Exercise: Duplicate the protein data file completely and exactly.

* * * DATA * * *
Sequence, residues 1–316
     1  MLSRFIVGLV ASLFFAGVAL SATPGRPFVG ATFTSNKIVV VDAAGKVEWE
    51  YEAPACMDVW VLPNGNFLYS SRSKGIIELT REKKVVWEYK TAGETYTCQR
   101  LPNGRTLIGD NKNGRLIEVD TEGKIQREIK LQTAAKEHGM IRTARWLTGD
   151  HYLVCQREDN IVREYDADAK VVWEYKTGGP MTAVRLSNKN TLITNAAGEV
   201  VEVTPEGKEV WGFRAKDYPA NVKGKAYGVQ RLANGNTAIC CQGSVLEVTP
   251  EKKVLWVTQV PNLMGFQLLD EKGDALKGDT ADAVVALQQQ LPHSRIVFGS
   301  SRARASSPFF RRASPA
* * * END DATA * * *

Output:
Sequence, residues 1–316
     1  MLSRFIVGLV ASLFFAGVAL SATPGRPFVG ATFTSNKIVV VDAAGKVEWE
    51  YEAPACMDVW VLPNGNFLYS SRSKGIIELT REKKVVWEYK TAGETYTCQR
   101  LPNGRTLIGD NKNGRLIEVD TEGKIQREIK LQTAAKEHGM IRTARWLTGD
   151  HYLVCQREDN IVREYDADAK VVWEYKTGGP MTAVRLSNKN TLITNAAGEV
   201  VEVTPEGKEV WGFRAKDYPA NVKGKAYGVQ RLANGNTAIC CQGSVLEVTP
   251  EKKVLWVTQV PNLMGFQLLD EKGDALKGDT ADAVVALQQQ LPHSRIVFGS
   301  SRARASSPFF RRASPA